The Amazing Spider-Man Review

With great franchises come great responsibility

The Spider-Man gamefranchise, despite having a few hiccups in recent years, is a prestigious one to tackle. Not only are you dealing with one of the world’s most popular super heroes, but you’re also tasked with the huge undertaking of creating gameplay that makes you feel like you are the web-slinging wallcrawler himself.

In an attempt to create a huge open world for iOS, Gameloft’s The Amazing Spider-Man shares these huge ambitions. Yet, despite it’s giant scope, the end result is definitively weaker than their 2010 Spidey adventure , Spider-Man: Total Mayhem.

The main concept of The Amazing Spider-Man plays like the best of film-to-game adaptations: it keeps the main story intact, while leaving plenty of room open to create its own adventure. You play in the shoes of a once-again rebooted Peter Parker, aligning loosely with the new film’s plot concerning Dr. Curt Connors and his transformation into The Lizard villain.

In the meantime, New York City is bigger than ever before, rivaling (but not surpassing) some of the largest open-world settings on the iOS, such as Gran Theft Auto. Swinging from webs is no longer restricted to the “on rails” formula of Total Mayhem, giving you complete control to zip, swing, and crawl across the city skyline.

Like the real Spider-Man (you know, if he was real) you’re free to explore the city and solve petty crimes whenever you like. There’s a fairly linear progression of story missions, but you’re by no means inclined to do so at any time.

The game’s extra missions themselves aren’t compelling or varied enough to warrant praise, but the end result of completing them is well worth it. By beating enough thugs and rescuing enough damsels in distress, you’ll level up and receive upgrade points. With well over 60 different skill trees to develop, such as bigger combos, stronger ranged attacks, faster running, or increased health, there’s plenty of reward for taking up Spider-Man’s routine crime fighting duties.

The Amazing Spider-Man

The main story itself is pretty lackluster. For one, the voice acting and writing is dreadful. I know that comic books are known for their ham-fisted and over-the-top dialogue, but combined with Parker’s painfully irritating voice actor, it’s simply a disaster.  Because characters don’t move their mouths when they talk, I found the clumsily assembled cutscenes worth skipping, anyways.

All storytelling problems aside, many of the missions verge on a frustrating level of difficulty. While the combat system (ripped entirely from Total Mayhem, but that’s a good thing) provides a fluent mix of melee, ranged attacks, and counter attacks, there’s a surprising amount of missions that require you to perform mundane tasks.

Get used to the phrase “diffuse the bomb”, because Spidey needs to down over a dozen over the course of his fairly short adventure. Also notably painful is the section where Spider-Man loses his powers, forcing you into some boring stealth-based missions. It has its share of good moments (such as diving off a building in order to catch a falling civilian), but the campaign, like a powerless Spider-Man, isn’t strong enough to hold its own.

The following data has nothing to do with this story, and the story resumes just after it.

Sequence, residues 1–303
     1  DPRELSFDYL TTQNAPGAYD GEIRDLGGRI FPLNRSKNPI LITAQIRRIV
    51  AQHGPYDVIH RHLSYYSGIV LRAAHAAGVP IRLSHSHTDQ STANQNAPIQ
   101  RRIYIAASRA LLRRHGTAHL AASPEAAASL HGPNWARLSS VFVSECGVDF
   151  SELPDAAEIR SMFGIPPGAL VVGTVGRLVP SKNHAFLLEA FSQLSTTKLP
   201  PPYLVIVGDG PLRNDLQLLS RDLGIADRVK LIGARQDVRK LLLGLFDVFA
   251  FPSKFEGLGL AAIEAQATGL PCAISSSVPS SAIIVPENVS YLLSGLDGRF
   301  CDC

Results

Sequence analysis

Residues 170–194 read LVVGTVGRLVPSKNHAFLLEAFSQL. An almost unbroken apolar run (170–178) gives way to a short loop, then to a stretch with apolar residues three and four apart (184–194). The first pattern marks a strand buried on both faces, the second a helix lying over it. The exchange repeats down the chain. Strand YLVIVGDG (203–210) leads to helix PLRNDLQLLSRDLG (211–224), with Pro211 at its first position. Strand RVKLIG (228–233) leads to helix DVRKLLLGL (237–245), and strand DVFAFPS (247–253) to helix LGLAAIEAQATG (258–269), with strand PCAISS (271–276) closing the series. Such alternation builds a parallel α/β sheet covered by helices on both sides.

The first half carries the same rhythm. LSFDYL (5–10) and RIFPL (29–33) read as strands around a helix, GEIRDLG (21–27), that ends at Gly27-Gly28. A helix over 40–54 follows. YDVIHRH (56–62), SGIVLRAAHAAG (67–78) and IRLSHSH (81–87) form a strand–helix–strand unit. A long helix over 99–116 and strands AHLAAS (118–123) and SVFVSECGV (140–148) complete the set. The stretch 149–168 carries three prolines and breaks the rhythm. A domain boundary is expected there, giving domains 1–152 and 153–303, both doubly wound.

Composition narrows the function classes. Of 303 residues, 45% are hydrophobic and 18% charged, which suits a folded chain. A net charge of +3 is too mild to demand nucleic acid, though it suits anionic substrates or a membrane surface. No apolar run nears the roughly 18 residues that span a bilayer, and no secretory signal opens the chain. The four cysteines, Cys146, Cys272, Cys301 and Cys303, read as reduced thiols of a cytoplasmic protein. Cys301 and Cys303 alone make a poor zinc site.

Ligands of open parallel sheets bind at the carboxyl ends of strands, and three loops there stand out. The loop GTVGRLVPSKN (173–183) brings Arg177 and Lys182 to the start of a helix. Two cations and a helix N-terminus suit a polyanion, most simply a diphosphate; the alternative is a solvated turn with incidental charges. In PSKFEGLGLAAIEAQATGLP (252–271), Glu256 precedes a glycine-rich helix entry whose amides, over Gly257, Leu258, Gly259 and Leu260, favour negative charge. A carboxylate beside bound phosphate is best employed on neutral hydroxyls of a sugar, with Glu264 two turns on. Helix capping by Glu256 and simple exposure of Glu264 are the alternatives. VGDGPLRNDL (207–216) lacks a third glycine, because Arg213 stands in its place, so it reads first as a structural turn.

The Amazing Spider-Man

In addition to a few problems in mission design and presentation, there is one huge issue looming over The Amazing Spider-Man: it’s uglier than The Lizard himself. The titular Spider-Man is rendered decently, but everything else looks like it’s been filtered through a Nintendo 64. Blurred textures are commonplace, and most buildings won’t render completely until you’re right next to them (in one case, a building didn’t render until I had climbed halfway up it). In one section, where the city is covered in gas, you can physically see giant pixels “wiggling” all across the screen.

With another developer, it might be fair to take a pass and write off the poor visuals because of the game’s large scope, but this is Gameloft we’re talking about, here. With beautiful titles like N.O.V.A 3, we know what they’re capable of. Even Gameloft’s two-year-old Total Mayhem backed its own weaker textures with bright and colorful comic-book style visuals. This new Spider-Man, forced to use a realistic style to match the film, looks messier than a tangled web.

As my wise old uncle Ben (what, I can’t have one, too?) once told me before he died, “with great franchises comes great responsibility.” With Spider-Man, creating a title that lets you become the hero is extraordinarily difficult. In Gameloft’s case, they’ve got the combat and web-slinging down. With everything else? It looks like The Lizard’s poison gas seeped into the game’s system.

If you want an open-world Spider-Man title, The Amazing Spider-Man delivers a decent experience along with a slew of flaws. However, if you’re simply looking for a smooth Spidey adventure, stick with Total Mayhem

Content writer

Notify of
Inline Feedbacks
View all comments
More content